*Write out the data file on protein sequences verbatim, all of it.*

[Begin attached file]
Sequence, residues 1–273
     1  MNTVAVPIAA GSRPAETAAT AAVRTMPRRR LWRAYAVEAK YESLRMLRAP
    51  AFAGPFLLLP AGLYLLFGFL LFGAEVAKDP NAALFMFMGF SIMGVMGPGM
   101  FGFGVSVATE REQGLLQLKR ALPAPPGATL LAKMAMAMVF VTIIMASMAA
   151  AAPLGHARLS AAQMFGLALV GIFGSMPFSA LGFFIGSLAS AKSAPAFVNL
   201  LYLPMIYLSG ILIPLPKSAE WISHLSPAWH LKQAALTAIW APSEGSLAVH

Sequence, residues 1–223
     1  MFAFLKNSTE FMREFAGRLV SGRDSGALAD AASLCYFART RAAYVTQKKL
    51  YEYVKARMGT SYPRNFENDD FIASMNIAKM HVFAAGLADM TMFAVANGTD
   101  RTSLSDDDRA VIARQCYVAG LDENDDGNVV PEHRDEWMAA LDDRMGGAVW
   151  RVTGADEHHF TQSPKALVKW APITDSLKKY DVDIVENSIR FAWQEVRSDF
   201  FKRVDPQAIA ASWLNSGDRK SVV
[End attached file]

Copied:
Sequence, residues 1–273
     1  MNTVAVPIAA GSRPAETAAT AAVRTMPRRR LWRAYAVEAK YESLRMLRAP
    51  AFAGPFLLLP AGLYLLFGFL LFGAEVAKDP NAALFMFMGF SIMGVMGPGM
   101  FGFGVSVATE REQGLLQLKR ALPAPPGATL LAKMAMAMVF VTIIMASMAA
   151  AAPLGHARLS AAQMFGLALV GIFGSMPFSA LGFFIGSLAS AKSAPAFVNL
   201  LYLPMIYLSG ILIPLPKSAE WISHLSPAWH LKQAALTAIW APSEGSLAVH

Sequence, residues 1–223
     1  MFAFLKNSTE FMREFAGRLV SGRDSGALAD AASLCYFART RAAYVTQKKL
    51  YEYVKARMGT SYPRNFENDD FIASMNIAKM HVFAAGLADM TMFAVANGTD
   101  RTSLSDDDRA VIARQCYVAG LDENDDGNVV PEHRDEWMAA LDDRMGGAVW
   151  RVTGADEHHF TQSPKALVKW APITDSLKKY DVDIVENSIR FAWQEVRSDF
   201  FKRVDPQAIA ASWLNSGDRK SVV